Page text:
When an individual struggles with alcohol abuse or drug addiction, it can wreak havoc on his or her loved ones. According to the American Association for Marriage and Family Therapy, 26.8 million children in the United States are exposed to some level of alcoholism within their families. The trauma that children experience as a result of parental alcohol addiction, including instability, neglect and abuse, typically leads to anxiety, depression, feelings of abandonment, antisocial behavior and other developmental problems. Alateen is an organization that aims to reduce these risks for adolescent children and other teenage relatives of alcoholics.
Alateen is associated with Al-Anon Family Groups, which typically includes support groups for adult family members and friends of alcoholics. However, Alateen meetings provide a safe space for teens to share what is happening in their lives and how they are affected by a loved one’s alcoholism. Groups are closed to adults, with the exception of Alateen Group Sponsors, who moderate each session. The support group atmosphere encourages teens to share their stories and support others who are going through similar experiences, aiming to empower members to lead full and rewarding lives despite having been affected by a loved one’s alcoholism. In addition to being taught coping skills, teens are encouraged to love their alcoholic family members while emotionally detaching from their drinking problems. This can be very difficult for teens who feel emotional conflict over loving their parents or other family members while hating their alcohol addictions.
There are 12 traditions of Alateen outlining the purposes of the organization. For instance, these tenets state that Alateen members follow Alcoholics Anonymous’ 12-step model to help cope and better understand their loved ones struggling with alcoholism. These groups aim to educate teens on alcoholism so they realize they did not cause the problem and that they cannot control the actions of their loved ones. This is why the Serenity Prayer, which has long been implemented by AA to aid recovering addicts, is used in Alateen groups, reading, “God, grant me the serenity to accept the things I cannot change, the courage to change the things I can and the wisdom to know the difference.” The belief in a higher power of some sort, which is an integral part of the AA program and the 12 steps, is also found in Al-Anon and Alateen. Due to the strong emotions that support groups evoke and the commitment required by the 12-step program, teens are encouraged to attend at least six Alateen sessions before deciding whether they are ready to fully commit to the program.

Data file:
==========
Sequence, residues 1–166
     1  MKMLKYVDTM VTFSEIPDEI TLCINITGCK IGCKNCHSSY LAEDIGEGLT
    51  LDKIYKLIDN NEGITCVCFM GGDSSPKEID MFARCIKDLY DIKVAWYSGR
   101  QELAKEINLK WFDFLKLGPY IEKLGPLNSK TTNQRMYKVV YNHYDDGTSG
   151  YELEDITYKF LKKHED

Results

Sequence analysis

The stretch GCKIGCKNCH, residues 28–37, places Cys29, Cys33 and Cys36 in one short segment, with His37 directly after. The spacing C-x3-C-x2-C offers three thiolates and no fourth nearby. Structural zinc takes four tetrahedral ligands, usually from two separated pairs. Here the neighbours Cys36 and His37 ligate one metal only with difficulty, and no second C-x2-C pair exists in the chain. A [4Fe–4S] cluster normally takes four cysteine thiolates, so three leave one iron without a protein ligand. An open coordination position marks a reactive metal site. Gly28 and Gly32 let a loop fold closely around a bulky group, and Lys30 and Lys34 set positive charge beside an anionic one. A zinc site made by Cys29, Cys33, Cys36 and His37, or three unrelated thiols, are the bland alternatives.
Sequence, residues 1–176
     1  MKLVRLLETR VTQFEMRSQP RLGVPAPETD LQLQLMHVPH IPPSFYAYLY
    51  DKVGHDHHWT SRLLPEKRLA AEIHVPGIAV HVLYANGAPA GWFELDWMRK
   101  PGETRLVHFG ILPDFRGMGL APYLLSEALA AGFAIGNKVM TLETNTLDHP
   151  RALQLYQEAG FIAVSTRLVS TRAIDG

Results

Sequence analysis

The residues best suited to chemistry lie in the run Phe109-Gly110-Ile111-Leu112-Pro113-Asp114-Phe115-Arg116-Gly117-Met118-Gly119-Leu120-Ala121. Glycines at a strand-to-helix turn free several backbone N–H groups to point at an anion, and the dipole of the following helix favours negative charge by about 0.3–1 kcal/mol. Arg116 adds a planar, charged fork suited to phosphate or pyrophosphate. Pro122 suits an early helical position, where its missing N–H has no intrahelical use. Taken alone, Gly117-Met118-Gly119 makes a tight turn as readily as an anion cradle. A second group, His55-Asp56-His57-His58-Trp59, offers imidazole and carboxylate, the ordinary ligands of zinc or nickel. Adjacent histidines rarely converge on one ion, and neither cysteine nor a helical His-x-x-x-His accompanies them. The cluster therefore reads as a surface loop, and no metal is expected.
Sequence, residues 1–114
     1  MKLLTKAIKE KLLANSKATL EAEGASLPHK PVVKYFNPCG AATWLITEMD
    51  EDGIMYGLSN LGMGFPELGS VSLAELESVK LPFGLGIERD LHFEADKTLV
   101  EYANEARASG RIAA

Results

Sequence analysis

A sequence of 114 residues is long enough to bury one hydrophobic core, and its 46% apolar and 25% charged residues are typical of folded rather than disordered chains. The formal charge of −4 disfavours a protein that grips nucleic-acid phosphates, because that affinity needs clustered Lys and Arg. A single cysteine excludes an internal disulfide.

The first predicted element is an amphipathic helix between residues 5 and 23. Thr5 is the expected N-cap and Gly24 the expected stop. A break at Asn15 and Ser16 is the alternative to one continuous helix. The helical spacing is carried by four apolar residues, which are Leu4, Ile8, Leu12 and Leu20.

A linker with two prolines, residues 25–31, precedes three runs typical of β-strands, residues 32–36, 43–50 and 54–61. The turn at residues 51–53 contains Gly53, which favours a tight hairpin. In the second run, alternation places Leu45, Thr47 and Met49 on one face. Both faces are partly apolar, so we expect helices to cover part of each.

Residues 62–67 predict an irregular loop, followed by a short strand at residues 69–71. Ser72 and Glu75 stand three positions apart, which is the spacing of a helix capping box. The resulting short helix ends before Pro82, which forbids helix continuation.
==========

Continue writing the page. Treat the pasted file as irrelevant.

For those who are hesitant to attend meetings or are otherwise unable to do so, Alateen has developed online chat meetings. These are available to anyone ages 13 to 18 who registers on the website, enabling teens from across the country going through similar situations to provide support for each other. Each session is moderated by at least one adult Alateen Group Sponsor. In addition to Alateen, the National Association for Children of Alcoholics (NACoA) is a helpful resource for children affected by alcoholism. NACoA reports that approximately one in four children under the age of 18 are affected by parental alcohol and/or drug abuse in some way. The nonprofit organization’s mission is “to eliminate the adverse impact of alcohol and drug use on children and families” and to raise awareness on the struggles facing teens exposed to alcohol addiction.
The genetic component of alcohol addiction makes children of alcoholics at higher risk than the general population for developing the addiction. If you or your teenager is struggling with alcohol abuse and/or addiction, help is available. Sovereign Health Rancho San Diego is a facility that specializes in treating adolescents and teenagers struggling with substance abuse, mental health disorders and dual diagnosis. Call 866-615-7266 to speak with a professional today.
Written by Courtney Howard, Sovereign Health Group writer